Tactical Assault Group (TAG) is an Australian domestic counterterrorism unit drafted from the SASR. Today, Tactical Assault Group is divided into two tactical assault groups, TAG East and TAG West.
Australia got their own Special Air Service in 1957 with the creation of the 1st SAS Company. By 1964, an extra two companies had been added and the Company was renamed the Special Air Service Regiment. For more than 50 years they serve proudly to their country.
The newly formed SASR saw action in Borneo just a year later where it found itself involved in a broad counterinsurgency operation. Not long after, SASR operators were sent to Vietnam (although records indicate some may have been present as early as 1962) to aid in training the Australian Army.
By the time the Vietnam War was over, the Regiment had racked up an impressive combat record and established itself as a significant player in the special operations arena. Peacetime led to a reduction from three Sabre Squadrons to two, not including a new Training Squadron and an Operations Research Unit. During this time, special attention was given to countering the increasingly visible international terrorist incidents which befell with regularity.
Today, this group is one of two special units responsible for Counter-Terrorism in Australia, the other being the very capable No. 1 Commando Regiment, which is part of the Army reserves. A requirement of further specialization within the SASR led to the formation of the Tactical Assault Group (TAG).
The TAG was formed in the mid-1980s. The Group shared these responsibilities for a time with its brother unit at the time, the Offshore Installations Assault Group (OAG). At the time, OAG was tasked with maritime operations such as assaults on ships or oil rigs. This latter unit was disbanded, however, there are reports that an offshoot of the original OAG remains, designated the OAT, or the Offshore Assault Team.
Initially, twenty divers from the RAN Clearance Diving Teams switched branches to the SASR to help man the new unit. Offshore Assault Team (OAT), as the name suggests, is rumored to specialize in maritime assaults; including ships, ferries, and oil rigs. Offshore Assault Team is considered a separate but equal element of Tactical Assault Group.
Members of both units are HALO/HAHO qualified and are proficient at heliborne insertions as well. As “B” squadron of the SASR, members of Tactical Assault Group undergo the same selection and training that members of the “regular” SASR. The selection phase is three weeks long, those that pass undergo nearly a year of training before they can wear the coveted sand-colored beret.
Tactical Assault Groups
At present, there are two tactical assault groups, TAG East and TAG West. Each belongs to a different parent unit and each protects a different domestic geographical area of Australia. Both groups are structured to conduct offensive domestic counter-terrorism operations focusing on direct action and hostage recovery.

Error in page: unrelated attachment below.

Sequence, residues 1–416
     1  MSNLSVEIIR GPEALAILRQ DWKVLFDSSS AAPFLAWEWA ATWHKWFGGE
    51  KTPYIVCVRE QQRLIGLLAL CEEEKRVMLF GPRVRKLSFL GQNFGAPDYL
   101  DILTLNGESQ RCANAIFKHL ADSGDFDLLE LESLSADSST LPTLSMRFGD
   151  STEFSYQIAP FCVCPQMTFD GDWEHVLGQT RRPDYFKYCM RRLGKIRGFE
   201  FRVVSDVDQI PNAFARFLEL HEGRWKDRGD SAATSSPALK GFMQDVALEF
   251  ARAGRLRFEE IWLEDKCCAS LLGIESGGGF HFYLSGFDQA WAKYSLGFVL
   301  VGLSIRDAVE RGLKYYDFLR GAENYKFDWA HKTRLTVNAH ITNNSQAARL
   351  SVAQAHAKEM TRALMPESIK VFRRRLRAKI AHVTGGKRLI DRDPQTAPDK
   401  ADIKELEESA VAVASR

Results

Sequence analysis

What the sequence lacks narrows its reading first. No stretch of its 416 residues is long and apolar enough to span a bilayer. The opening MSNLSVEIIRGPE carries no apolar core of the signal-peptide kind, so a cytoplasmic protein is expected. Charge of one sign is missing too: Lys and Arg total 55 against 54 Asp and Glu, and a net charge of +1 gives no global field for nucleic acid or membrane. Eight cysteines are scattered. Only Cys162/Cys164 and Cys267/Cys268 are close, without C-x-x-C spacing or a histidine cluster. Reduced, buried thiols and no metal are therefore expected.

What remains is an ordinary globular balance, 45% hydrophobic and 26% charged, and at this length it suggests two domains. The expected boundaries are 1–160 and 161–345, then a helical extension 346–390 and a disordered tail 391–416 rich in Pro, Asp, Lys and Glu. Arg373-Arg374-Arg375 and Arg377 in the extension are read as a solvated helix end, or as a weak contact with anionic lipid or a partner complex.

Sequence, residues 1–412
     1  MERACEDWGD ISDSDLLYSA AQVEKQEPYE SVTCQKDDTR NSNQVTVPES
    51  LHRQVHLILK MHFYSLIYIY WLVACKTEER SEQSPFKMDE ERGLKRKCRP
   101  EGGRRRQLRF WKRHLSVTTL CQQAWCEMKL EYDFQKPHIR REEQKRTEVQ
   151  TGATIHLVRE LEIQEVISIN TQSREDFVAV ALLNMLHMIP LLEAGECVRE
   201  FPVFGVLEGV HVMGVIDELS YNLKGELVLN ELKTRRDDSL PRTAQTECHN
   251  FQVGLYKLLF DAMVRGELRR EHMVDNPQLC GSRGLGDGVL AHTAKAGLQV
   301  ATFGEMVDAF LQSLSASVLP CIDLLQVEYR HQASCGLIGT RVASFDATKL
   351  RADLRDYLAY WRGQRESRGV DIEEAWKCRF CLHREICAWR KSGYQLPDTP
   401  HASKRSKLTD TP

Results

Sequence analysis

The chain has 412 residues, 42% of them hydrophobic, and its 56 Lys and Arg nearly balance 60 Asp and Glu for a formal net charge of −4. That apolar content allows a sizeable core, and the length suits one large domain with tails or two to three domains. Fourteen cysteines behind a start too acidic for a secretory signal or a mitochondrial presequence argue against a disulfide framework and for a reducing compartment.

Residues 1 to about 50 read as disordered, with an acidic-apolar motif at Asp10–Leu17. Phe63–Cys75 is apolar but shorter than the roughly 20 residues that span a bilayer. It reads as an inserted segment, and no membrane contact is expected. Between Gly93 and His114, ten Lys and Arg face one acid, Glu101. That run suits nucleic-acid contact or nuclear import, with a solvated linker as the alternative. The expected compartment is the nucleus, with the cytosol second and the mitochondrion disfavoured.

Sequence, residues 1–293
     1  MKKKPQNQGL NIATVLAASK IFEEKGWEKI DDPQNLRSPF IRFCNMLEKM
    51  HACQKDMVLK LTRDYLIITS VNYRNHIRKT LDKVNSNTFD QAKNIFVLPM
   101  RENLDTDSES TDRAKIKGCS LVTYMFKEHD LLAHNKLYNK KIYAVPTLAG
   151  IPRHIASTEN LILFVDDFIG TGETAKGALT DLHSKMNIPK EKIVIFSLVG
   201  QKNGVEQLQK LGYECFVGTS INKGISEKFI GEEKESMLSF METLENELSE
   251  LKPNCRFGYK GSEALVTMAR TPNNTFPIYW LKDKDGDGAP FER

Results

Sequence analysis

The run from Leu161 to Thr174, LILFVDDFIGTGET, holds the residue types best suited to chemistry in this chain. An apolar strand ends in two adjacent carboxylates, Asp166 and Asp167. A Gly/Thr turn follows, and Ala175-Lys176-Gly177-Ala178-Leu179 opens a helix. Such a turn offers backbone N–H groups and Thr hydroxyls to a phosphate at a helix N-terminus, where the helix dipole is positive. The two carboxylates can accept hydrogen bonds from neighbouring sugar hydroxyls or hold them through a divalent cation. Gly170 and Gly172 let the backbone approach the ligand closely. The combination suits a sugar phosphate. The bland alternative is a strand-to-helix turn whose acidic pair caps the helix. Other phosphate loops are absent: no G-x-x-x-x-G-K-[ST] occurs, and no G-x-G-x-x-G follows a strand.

Tactical Assault Group WEST (TAG West)
Tactical Assault Group-West’s training facilities include advanced outdoor close quarters battle ranges, an urban Counter-Terrorism complex, aircraft mock-ups, and sniper ranges that provide the best terms for quality military training. The SASR also makes use of the dry savannah woodland of the High Range Training Area. The headquarters of TAG West is based in Perth.
TAG West has primary responsibility for offshore recovery operations, such as ship-boarding or incidents on oil platforms, and also international/overseas incidents.
There are currently 550 (approximately 200 in Tactical Assault Group) members of the SASR which is headquartered at Campbell Barracks in the Perth suburb of Swanbourne, Australia. Assault teams are composed of four men.
Tactical Assault Group EAST (TAG East)
TAG East draws its members from the 2nd Commando Regiment and rotates one company through the role for a pre-determined length of time. It is also supplemented with personnel from the Royal Australian Navy’s Clearance Diving Branch. The Royal Australian Navy component consists of an operations officer, a clearance diver (CD) assault platoon, and an underwater medic. Approximately 30 Clearance Divers are permanently attached to the group at any one time.
Same as the TAG West, they have access to world-class training facilities including advanced outdoor close-quarters battle ranges, MOUT villages, urban CT complexes, full-size aircraft mock-ups, and sniper ranges. Their training center and headquarters are based in Sydney.
Cross-training with other countries is not uncommon; Australian officers are permanently assigned to both Fort Bragg and Little Creek, NAB. They also have a close relationship with the British SAS which has been shared since 1957. Cross-training has also occurred with the New Zealand SAS (NZSAS), Germany’s GSG-9, and others. It is not believed that the SASR is used in covert operations abroad, due to a general governmental reluctance to conduct such operations.
In Australian history, there haven’t been any bigger issues with terrorism. Despite that fact, TAG operators were engaged in dozens of events where they have provided security such as:
- 1982 Brisbane Commonwealth Games
- 2000 Sydney Olympics Security: Joint Task Force Gold
- 2003 Rugby World Cup: Operation Scrummage
- 2006 Melbourne Commonwealth Games: Operation Acolyte
- 2007 Sydney APEC Conference: Operation Deluge
- 2008 World Youth Day Sydney and visit of Pope Benedict XVI: Operation Testament
- 2014 G-20 Brisbane summit